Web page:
The History of the South Carolina State Fair

Oct 12, 2017
An advertisement for the fair appears in the Keowee Courier (Pickens Court House, S.C.), October 18, 1905.
South Carolina Digital Newspaper Room/https://library.sc.edu/blogs/newspaper/

(Originally broadcast 05/05/17) - With October come two certainties: Trick-or-Treaters will be abroad on the 31st, and the South Carolina State Fair will attract thousands to Columbia.  In this edition of Walter Edgar's Journal, from May 5, 2016, Dr.

John Slaughter, Superintendent of US Park Service's Southern Campaign of the American Revolution Parks group.
SCETV/Original SC

The Southern Campaign was critical in determining the outcome of the American Revolutionary War, yet the South’s importance has been downplayed in most historical accounts to date.

Sep 6, 2014: The 750-ton Wilkins house was moved a few blocks from Augusta Street to Mills Avenue in Greenville, SC.
Courtesy of Preservation SC

The Palmetto Trust for Historic Preservation is now Preservation South Carolina. The non-profit, statewide organization is a partner of the National Trust for Historic Preservation, and has been operating in South Carolina since 1990. Executive Director Michael Bedenbaugh talks about Preservation South Carolina’s latest efforts to "protect and preserve the irreplaceable architectural heritage of South Carolina."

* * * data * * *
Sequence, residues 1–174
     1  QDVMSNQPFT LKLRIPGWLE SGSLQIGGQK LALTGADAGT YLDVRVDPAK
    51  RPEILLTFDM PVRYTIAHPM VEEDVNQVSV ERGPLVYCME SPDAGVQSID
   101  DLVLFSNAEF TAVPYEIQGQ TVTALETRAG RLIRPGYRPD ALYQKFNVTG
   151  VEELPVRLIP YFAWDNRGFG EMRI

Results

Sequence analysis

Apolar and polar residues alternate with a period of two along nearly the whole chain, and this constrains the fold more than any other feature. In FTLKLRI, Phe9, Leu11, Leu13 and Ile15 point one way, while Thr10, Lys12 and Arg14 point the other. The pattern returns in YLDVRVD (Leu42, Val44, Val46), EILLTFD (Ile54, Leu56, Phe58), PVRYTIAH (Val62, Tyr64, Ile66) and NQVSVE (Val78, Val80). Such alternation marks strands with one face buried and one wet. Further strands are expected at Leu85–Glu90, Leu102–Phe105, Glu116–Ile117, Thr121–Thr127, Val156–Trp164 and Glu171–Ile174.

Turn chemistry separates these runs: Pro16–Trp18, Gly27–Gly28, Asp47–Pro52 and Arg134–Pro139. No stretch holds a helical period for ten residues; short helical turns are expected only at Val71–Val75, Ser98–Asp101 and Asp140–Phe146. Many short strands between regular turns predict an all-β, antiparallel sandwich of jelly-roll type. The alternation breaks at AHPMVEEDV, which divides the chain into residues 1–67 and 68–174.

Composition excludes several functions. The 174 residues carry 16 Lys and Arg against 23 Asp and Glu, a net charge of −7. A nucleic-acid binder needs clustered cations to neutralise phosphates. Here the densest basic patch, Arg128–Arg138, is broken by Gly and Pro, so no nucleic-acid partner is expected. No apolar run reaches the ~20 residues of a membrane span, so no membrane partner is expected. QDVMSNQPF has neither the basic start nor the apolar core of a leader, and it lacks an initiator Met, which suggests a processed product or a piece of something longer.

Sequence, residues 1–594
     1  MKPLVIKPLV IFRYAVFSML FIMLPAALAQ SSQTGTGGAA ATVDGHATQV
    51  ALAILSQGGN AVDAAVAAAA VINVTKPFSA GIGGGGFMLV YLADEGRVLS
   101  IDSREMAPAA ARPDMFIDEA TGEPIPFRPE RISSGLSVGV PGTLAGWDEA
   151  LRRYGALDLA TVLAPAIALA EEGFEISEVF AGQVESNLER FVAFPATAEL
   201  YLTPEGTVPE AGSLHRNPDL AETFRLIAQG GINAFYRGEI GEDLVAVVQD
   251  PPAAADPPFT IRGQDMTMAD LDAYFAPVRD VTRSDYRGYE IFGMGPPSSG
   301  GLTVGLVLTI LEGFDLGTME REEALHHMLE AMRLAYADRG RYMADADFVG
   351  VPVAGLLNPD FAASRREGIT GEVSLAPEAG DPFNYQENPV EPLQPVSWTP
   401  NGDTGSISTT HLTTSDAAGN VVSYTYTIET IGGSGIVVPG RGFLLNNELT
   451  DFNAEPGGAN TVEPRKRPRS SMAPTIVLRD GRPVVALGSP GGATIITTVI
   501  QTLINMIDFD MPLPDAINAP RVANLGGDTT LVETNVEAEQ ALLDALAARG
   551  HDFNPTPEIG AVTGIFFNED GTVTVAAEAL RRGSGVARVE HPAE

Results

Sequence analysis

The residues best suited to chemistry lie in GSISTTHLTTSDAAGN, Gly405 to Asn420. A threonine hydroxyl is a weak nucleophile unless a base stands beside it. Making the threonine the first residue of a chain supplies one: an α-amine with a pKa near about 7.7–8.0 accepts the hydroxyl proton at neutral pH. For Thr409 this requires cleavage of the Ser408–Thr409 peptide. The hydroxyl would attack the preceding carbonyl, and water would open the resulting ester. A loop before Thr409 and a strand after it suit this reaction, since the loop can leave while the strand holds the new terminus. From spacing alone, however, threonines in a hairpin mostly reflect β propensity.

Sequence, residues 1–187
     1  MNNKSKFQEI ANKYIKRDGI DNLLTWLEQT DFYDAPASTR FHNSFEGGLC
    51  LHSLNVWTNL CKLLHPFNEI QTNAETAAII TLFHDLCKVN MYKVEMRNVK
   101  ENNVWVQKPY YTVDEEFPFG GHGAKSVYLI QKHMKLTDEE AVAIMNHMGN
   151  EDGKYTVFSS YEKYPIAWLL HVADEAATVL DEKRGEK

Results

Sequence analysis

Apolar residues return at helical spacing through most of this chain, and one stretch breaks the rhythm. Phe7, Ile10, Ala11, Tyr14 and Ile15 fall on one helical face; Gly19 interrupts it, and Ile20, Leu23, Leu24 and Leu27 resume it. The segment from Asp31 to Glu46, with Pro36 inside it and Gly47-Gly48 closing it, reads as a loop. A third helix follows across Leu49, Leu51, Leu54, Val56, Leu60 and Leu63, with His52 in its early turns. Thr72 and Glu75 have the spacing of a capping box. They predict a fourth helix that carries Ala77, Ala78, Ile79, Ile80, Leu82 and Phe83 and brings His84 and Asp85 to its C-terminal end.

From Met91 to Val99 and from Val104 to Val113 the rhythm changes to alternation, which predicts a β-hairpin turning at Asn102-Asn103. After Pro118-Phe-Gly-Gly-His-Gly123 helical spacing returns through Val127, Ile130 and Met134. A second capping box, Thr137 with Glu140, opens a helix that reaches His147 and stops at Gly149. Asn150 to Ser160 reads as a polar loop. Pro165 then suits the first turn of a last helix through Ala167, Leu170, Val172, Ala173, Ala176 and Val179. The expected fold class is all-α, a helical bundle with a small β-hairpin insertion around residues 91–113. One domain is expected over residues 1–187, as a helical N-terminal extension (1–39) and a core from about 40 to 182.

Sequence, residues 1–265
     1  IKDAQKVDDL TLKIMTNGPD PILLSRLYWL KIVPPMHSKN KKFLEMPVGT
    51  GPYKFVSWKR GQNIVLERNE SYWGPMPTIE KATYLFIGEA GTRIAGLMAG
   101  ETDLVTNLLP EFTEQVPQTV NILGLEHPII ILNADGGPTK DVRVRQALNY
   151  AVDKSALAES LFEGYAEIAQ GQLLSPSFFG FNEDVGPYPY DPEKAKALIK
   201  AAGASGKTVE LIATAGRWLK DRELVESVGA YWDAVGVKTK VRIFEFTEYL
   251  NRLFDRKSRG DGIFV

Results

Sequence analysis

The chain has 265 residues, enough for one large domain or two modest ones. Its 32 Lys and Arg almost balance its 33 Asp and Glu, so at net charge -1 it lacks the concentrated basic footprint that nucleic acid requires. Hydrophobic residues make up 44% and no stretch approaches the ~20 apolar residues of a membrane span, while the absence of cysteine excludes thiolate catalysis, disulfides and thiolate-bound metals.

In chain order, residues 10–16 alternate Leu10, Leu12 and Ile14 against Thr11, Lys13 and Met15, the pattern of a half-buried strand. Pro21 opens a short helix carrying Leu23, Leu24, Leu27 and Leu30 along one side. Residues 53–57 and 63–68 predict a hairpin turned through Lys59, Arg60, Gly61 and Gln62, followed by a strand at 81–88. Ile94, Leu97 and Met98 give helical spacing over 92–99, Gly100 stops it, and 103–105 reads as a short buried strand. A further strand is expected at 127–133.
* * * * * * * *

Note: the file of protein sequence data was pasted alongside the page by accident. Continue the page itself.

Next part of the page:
All Stations: Fri, Oct 06, 12 pm | News & Talk Stations: Sun, Oct 08, 4 pm

Senator Ernest F. "Fritz" Hollings
U.S. Congress

New Politics in the Old South: Ernest F. Hollings in the Civil Rights Era (2016, USC Press) is the first scholarly biography of Ernest F. "Fritz" Hollings, a key figure in South Carolina and national political developments in the second half of the twentieth century.

Marine Corp HMM-263 (Vietnam) Helicopter Squadron, know as The Peach Bush Book Club
Marine Corp HMM-263 (Vietnam) Helicopter Squadron, know as The Peach Bush Book Club

Note: Coinciding with broadcast on SCETV of The Vietnam War, a film by Ken Burns and Lynn Novick,  Walter Edgar's Journal is re-publishing podcasts of some of our earlier programs.

(Originally broadcast 05/27/11) - Walter Edgar talks with Col. Walt Ledbetter and Duncan McCrae, veterans of the 263rd Marine Helicopter Squadron. Their aim is to compile a history of their experiences in the Vietnam War in 1969-70. They share stories from some of the missions they flew. Ledbetter and McCrae are joined by Clint Chalmers, producer.